N.H. Bhatt, J.
1. This is the landlord's Revision Application under Section 29(2) of the Bombay Rent Act, challenging the appellate judgment, which robbed him of the decree of eviction passed in his favour by the learned trial Judge.
2. The suit in question, being No. 170 of 1972 in the court of the Civil Judge (J.D.) Dhoraji, had been filed by this applicant for eviction of the tenant on the ground mentioned in Section 12(3)(a) of the Bombay Rent Act. The trial court decreed the suit and so the tenant preferred the Civil Appeal No. 18 of 1975 which came to be allowed by the Extra Assistant Judge, Rajkot District at Gondal only on the ground that the notice of eviction was not valid. The ground that weighed with the learned appellate Judge was that the plaintiff had given the eviction notice and had filed the suit as the karta of the Joint Hindu Family of his deceased father Doshi Chunilal Savchand, though he had 8 married sisters, who by operation of law, could not be the members of his Joint Hindu Family. The premises were let out by the deceased Doshi Chunilal Savchand, who died in 1961, leaving behind him three sons and eight daughters. In the words of the learned Judge:
It is also brought out in evidence that the plaintiff died leaving three sons and eight daughters. Eight daughters are married. Therefore, there cannot be any joint Hindu family. He also pointed out to me that the Hindu Succession Act came in 1956 and according to the said Act the daughters are co-owners and therefore the properly of the deceased devolved on the co-owners after the death of Chunilal. Daughters are not the members of the joint Hindu family, after their marriages. Therefore, they are necessary parties for the purpose of instituting the suit to evict the tenant of the suit premises. One co-owner has no right to file the suit on behalf of other co-owners. But, at the same time they are required to be joined as parties. In this case it clearly appears that the plaintiff has not done so and hence the notice is not legal and valid.
3. Though the learned appellate Judge has not referred to the judgment of this High Court, the view that he has relied upon is the Full Bench view of this High Court in the case of Nanalal Girdharlal v. Gulamnabi Jamalbhai Matotwala : AIR1973Guj131 Had the law remained at that stage, the matter would have been over at this stage. However, the Supreme Court in this connection has now laid down different law and so the ratio of the Full Bench decision in Nanalal's case (Supra) is of necessity to be held as no longer good law. The judgment of the Supreme Court to be referred to in this connection is the case of Subhendu Prosad Roy Choudhury v. Kamala Bala Roy : AIR1978SC835 It was a case under Section 4 of the Calcutta Thika Tenancy Act (Nos. 2 of 1949). Section 4 of the said Act reads as under:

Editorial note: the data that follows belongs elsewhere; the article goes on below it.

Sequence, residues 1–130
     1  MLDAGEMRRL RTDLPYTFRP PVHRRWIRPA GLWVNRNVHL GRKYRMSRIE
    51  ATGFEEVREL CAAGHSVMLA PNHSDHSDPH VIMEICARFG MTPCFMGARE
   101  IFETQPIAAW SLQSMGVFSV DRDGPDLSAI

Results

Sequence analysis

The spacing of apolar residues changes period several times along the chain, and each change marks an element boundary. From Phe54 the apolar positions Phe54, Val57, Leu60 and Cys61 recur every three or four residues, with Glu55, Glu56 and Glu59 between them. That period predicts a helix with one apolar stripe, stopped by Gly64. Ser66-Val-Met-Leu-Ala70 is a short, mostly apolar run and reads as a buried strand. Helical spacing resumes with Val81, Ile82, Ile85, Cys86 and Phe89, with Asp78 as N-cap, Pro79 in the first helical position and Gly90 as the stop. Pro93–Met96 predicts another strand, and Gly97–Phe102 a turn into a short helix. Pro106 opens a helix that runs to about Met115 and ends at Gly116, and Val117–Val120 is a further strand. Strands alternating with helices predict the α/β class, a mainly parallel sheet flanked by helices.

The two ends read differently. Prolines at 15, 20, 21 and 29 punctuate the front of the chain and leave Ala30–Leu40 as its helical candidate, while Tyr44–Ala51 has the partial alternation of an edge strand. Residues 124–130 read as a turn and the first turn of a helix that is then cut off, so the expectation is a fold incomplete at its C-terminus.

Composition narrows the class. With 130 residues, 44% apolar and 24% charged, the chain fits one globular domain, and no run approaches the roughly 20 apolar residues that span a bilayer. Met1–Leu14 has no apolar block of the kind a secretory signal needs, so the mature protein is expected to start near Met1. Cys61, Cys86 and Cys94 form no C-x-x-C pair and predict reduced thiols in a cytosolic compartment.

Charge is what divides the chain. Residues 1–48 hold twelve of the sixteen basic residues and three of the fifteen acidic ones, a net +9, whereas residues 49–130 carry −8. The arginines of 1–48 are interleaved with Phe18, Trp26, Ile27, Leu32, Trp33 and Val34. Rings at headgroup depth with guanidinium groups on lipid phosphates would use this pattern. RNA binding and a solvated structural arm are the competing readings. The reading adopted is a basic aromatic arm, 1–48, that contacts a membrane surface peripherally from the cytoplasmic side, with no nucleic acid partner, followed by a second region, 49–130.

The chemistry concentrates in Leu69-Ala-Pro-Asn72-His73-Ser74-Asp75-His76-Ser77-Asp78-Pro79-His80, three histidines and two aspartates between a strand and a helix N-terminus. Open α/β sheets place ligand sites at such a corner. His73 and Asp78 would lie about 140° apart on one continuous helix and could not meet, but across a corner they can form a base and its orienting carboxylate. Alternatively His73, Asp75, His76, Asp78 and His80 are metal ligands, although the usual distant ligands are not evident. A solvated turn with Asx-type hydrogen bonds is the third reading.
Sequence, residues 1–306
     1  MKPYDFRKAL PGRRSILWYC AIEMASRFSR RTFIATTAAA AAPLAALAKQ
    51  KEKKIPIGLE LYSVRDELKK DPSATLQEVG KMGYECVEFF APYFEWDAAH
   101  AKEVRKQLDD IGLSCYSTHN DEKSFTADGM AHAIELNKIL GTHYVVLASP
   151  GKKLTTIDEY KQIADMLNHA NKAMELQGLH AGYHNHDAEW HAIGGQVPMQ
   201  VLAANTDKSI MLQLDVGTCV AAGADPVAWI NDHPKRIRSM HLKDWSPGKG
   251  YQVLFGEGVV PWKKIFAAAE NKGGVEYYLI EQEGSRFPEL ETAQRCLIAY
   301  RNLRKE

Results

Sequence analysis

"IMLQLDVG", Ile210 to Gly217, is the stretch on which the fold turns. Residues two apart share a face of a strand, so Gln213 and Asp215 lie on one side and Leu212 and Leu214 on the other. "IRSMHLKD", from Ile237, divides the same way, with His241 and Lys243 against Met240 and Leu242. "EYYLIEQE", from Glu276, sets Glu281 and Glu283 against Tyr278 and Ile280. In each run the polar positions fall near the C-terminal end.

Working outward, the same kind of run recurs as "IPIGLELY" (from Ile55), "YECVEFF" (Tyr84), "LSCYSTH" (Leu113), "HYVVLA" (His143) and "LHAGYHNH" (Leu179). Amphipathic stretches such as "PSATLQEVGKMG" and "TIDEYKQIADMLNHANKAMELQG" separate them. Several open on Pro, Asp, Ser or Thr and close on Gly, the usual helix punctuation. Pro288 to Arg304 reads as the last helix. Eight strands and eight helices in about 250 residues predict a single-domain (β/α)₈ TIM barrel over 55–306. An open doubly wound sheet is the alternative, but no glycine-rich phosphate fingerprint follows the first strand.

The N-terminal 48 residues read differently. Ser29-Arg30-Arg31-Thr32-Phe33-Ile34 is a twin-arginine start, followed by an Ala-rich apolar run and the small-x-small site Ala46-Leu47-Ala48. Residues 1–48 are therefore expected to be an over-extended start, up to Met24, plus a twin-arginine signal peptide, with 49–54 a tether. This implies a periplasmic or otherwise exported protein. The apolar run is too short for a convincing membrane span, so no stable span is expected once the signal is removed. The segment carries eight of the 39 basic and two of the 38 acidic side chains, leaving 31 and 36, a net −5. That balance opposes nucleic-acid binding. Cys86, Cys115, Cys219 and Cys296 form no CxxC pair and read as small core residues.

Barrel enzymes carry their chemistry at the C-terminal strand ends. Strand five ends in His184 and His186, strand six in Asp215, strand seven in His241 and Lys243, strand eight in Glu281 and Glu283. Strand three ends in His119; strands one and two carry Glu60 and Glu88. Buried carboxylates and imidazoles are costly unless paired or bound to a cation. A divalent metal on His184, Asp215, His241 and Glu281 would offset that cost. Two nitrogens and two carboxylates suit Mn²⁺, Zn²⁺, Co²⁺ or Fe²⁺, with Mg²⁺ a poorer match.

4. Notice before ejectment. It shall not be competent for a landlord to eject any thika tenant from his holding unless the landlord has given the thika tenant notice in the manner provided in Section 106 of the Transfer of Property Act, 1882.
The Supreme Court in that case followed the earlier judgment of the Supreme Court in the case of Shri Ram Pasricha v. Jagannath : 1SCR395 In Subhendu case (Supra), the Supreme Court has observed as follows:
Even assuming that notice was not given on behalf of one of the co-owner landlords, yet the notice would be good and valid.
In Sri Ram Pasrich's case (Supra), the Gujarat High Court's above-mentioned Full Bench decision was specifically referred to and still the Supreme Court in paragraph 29 has observed as follows:
Jurisprudentially it is not correct to say that a co-owner of a property is not its owner. He owns every part of the composite property along with others and it cannot be said that he is only a part-owner or a fractional owner of the property.
4. In the case of Kanta Gael v. B.P. Pathak : 3SCR412 the Supreme Court has observed as follows:
Where a landlord who had let out his premises to a tenant, dies and his heirs succeed to his estate, one co-heir to whom the rent is being paid by the tenant and who received it on behalf of the estate, would be landlord for the purposes of the Act. The co-heirs constituted the body of landlords and, by consent, implicit or otherwise, of the plurality of landlords, one of them representing them all, was collecting rent. In short, he functioned, for all practical purposes as the landlord and was therefore entitled to institute proceedings for eviction against the tenant qua landlord.
In above view of the matter and particularly the latest judgment of the Supreme Court in the case of Subhendu's case (Supra), the view of the learned Judge that the notice in question was bad is such as cannot be sustained.
5. The learned appellate Judge has held that the trial court had failed to raise proper issue and particularly reference is to the issue about the alleged readiness and willingness to pay the arrears of rent even before the cause of action accrued. In order to satisfy myself about the issue arising in this case, I had gone through the written statement and find that the tenant's contention was that before the suit notice, he had offered the rent, but it was evaded by the landlord Dineschandra under the false pretext. It is, therefore, evident that the issue about readiness and willingness of the tenant is required to be raised. The matter, therefore, shall have to go back to the trial court with a direction to frame an issue about the alleged readiness and willingness of the tenant to pay the arrears of rent before the institution of the suit. The petition is accordingly allowed. The appellate judgment is set aside and the original suit is remanded to the trial court for decision in accordance with law and in the light of this judgment. There will be no order as to costs of this revisional application.